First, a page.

Well, for my first piece of advice about the IELTS test, I wanted to talk about vocabulary.

Now, improving vocabulary is a very important thing to do because it has a direct effect on every element of the IELTS test: Reading, Listening, Writing and Speaking.

We often get students who say “I feel that my vocabulary is weak, so how can I improve?” followed by “which IELTS vocabulary book should I get?” Actually, there are only a very few books which cover vocabulary well, because they do it in themes and have good practice examples. Unfortunately, many other ‘vocabulary books’ just have endless list of words which are not very useful at all. You would be better off just getting a normal dictionary!

To be more specific, the reason that those ‘vocabulary list’ books are not effective is because memorising 500, 700, or even a 1000 random words will not improve your range of vocabulary, and more importantly, you will not improve your ability to actually know how to use or apply them!

It is important to understand that the IELTS test is not just about learning so-called ‘high-level’ or complicated vocabulary, otherwise we could all just memorise a list of complicated and difficult words in the hope that we would automatically get a 7 or higher in IELTS. For example, the word ‘iridescent’ is a lovely-sounding ‘high-level’ word, but it has a very specific and limited usage. I have only used it twice in my life: once in my degree thesis, and once today!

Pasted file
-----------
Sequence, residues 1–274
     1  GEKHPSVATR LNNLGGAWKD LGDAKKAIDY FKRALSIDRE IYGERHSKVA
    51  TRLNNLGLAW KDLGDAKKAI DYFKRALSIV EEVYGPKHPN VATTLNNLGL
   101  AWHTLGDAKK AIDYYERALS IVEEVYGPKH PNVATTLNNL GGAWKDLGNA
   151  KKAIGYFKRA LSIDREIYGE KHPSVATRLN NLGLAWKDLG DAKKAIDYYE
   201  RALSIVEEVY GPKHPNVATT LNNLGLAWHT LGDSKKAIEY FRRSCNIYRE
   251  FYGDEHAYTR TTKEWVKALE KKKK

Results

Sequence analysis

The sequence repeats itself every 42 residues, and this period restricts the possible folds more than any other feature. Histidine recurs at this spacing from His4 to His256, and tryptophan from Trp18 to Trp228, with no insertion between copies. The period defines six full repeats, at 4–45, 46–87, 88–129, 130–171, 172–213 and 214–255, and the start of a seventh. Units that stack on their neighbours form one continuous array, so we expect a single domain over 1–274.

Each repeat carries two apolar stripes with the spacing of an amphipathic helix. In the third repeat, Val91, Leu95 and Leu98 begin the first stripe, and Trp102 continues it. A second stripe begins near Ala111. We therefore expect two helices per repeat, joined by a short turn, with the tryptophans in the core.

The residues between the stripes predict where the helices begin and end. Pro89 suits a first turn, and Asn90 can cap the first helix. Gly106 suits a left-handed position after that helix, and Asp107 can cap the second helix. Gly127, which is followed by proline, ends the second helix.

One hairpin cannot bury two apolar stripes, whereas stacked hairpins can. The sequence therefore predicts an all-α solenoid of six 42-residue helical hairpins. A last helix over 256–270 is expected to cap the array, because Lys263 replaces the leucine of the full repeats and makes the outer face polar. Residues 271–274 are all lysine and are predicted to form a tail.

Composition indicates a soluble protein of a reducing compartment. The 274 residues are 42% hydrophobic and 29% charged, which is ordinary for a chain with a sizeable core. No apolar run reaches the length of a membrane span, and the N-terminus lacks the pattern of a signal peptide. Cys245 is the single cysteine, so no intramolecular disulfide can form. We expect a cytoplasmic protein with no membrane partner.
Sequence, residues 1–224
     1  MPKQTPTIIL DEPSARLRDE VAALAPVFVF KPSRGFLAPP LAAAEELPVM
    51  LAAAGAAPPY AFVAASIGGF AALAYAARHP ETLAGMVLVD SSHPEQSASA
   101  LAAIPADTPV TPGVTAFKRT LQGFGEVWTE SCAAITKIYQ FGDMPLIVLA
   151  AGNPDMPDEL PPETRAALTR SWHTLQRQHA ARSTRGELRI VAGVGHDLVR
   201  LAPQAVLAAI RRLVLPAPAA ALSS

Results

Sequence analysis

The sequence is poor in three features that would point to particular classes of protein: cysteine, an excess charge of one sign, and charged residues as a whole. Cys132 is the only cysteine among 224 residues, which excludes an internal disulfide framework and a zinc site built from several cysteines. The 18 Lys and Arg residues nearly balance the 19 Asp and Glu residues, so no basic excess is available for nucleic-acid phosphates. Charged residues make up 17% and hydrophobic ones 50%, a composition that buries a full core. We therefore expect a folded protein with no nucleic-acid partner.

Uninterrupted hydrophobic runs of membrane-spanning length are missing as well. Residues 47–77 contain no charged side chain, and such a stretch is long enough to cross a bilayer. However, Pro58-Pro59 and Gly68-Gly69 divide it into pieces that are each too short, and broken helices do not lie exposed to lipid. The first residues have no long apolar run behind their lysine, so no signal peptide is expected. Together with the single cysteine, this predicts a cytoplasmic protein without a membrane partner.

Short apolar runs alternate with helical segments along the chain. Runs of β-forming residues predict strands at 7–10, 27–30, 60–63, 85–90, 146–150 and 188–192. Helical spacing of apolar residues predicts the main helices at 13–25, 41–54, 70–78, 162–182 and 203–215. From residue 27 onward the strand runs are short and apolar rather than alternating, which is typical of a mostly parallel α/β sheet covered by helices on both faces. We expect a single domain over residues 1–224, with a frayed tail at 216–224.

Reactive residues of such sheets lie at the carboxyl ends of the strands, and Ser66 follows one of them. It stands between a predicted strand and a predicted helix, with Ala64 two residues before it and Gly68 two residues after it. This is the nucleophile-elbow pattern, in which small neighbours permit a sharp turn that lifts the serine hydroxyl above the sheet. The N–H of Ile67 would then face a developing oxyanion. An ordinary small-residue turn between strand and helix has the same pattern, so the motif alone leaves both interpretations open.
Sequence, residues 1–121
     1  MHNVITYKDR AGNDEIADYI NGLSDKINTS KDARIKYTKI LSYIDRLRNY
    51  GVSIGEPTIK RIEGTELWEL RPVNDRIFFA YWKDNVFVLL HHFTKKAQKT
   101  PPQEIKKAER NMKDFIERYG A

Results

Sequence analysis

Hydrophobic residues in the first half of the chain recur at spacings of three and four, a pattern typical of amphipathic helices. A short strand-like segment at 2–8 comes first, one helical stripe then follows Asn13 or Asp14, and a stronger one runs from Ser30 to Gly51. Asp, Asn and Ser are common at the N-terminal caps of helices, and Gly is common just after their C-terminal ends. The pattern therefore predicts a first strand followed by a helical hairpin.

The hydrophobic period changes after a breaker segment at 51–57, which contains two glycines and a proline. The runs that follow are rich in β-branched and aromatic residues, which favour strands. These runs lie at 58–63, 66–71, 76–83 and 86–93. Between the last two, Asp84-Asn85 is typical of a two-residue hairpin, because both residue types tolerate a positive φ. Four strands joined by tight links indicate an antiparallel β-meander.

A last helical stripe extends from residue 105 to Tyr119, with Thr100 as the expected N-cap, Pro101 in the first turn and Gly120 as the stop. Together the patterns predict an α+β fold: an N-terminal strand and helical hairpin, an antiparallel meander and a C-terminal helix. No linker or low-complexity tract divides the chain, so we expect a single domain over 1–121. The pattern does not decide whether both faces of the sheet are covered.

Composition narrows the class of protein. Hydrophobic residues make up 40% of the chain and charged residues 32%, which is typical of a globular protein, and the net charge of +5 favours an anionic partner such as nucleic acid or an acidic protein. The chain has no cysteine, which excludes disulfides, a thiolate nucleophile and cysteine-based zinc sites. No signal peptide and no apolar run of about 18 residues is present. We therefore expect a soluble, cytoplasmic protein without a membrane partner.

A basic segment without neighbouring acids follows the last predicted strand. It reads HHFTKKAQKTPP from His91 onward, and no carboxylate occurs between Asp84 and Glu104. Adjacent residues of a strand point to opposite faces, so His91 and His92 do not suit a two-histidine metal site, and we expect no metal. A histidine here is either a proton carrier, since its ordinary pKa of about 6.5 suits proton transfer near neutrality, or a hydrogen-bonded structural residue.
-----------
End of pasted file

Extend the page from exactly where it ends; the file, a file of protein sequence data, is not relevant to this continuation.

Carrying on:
Improving your IELTS vocabulary should be done with the view of thinking: “how well can I understand or talk about a topic?” It is about being of aware of how English language is used naturally. So this includes - of course - the occasional high-level word, but it also means understanding subject-specific terms, it means understanding how to use collocations (words that pair together), it means learning how to use idiomatic phrases, it means understanding common uses of phrasal verbs, it means showing your awareness of expressions that native speakers would use - it means improving your understanding across the range: from casual conversational language, to more academic vocabulary.

If you can do this, you’ll be able to be quicker and more precise at reading, you’ll find it easier to follow and understand the listening across all four parts, you’ll be able express much clearer and stronger viewpoints in your writing, and you’ll be able to tackle all manner of questions in speaking with more confidence and fluency.

Keep studying well!